There are many things you can do at this stage of your high school career to increase your chances of getting a scholarship, including researching which schools will need your position in your grad year and which volleyball summer camps you’ll want to attend.
Be proactive. It may not seem like the finish line of your high school career is near, but it will be here sooner than you think.
- Follow the checklist for high school freshmen. Be sure you have completed those items if you’re starting the recruiting process as a sophomore.
- Revise the target list you have made of schools that interest you. Now that you’ve played another year and gotten older, you may have a better idea of the major/area of study you’re interested in, so you can check the schools' websites to confirm they have what you're looking for. Also, reassess the area of the country and the conferences in each NCAA division to determine if you should look at other divisions for the level of play, size of school and academic reputation you want.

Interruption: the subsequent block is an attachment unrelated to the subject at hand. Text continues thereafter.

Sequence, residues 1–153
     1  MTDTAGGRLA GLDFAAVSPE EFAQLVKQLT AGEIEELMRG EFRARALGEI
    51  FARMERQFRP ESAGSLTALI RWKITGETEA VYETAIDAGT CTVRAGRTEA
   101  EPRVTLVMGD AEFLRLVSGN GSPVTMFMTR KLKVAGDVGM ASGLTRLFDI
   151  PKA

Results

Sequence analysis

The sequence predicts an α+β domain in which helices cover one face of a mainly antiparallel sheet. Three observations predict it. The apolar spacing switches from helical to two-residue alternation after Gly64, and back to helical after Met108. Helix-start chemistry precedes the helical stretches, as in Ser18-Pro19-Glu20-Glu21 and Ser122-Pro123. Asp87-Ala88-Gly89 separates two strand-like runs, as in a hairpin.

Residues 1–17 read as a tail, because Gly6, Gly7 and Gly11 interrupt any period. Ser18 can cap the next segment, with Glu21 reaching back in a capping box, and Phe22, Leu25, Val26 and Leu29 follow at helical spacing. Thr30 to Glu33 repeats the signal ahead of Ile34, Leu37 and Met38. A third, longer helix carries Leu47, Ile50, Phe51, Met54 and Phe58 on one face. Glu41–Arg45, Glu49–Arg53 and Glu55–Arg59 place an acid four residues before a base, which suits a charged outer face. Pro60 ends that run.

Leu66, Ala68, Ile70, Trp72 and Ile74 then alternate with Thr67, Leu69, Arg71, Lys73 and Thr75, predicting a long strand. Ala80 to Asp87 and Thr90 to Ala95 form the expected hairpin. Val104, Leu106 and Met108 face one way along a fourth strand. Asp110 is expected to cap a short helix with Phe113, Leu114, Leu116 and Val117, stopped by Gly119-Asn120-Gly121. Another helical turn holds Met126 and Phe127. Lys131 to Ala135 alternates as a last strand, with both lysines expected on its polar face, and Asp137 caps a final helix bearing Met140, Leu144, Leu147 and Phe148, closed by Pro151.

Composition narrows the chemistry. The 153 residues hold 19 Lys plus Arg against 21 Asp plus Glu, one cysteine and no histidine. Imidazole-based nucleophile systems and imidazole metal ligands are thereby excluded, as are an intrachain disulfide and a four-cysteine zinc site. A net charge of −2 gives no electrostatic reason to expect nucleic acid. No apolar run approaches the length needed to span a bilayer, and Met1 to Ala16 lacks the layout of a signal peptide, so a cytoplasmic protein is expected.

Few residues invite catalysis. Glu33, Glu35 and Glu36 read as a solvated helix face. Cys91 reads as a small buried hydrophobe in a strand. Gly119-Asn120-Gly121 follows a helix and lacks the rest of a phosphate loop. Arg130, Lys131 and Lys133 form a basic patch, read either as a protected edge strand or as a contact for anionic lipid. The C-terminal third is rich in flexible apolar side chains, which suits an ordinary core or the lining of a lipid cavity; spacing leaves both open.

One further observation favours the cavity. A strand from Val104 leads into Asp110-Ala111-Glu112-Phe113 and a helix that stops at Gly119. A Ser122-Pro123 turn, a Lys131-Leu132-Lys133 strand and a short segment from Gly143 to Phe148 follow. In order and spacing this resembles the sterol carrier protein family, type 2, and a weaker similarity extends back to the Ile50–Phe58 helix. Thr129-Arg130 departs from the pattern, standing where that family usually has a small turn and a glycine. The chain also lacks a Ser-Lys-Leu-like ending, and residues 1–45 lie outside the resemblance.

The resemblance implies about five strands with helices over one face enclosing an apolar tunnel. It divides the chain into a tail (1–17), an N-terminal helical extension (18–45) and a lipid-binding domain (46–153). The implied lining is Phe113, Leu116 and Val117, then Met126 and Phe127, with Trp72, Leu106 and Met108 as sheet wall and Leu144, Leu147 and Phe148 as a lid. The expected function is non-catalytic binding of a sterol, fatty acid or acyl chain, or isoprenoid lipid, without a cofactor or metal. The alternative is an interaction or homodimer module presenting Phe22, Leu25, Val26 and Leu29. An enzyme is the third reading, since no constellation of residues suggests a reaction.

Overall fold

- Keep working through your target list to determine if schools need your position in your grad year. This may take some time, and it will require patience. It can be a guessing game, but with some detective work (see the ideas in the freshman target list), you'll learn this information over time.
- Continue to email coaches on your target list. It’s a good idea to check in every couple of weeks or so and let coaches know how you are doing on your volleyball team, in school, and with extracurriculars. Also, this makes it clear that you are still interested in their school and program. It will feel like you’re talking to a rock because coaches can’t respond during your sophomore year (even through your club coach) until June 15. But understand this: Most likely, they are reading your emails and watching you play.
- Work hard to continue improving your volleyball skills. Ask your club and/or high school coach for suggestions on how you can get better and work on your weaknesses. Continue private lessons, when you can, to fine tune your game.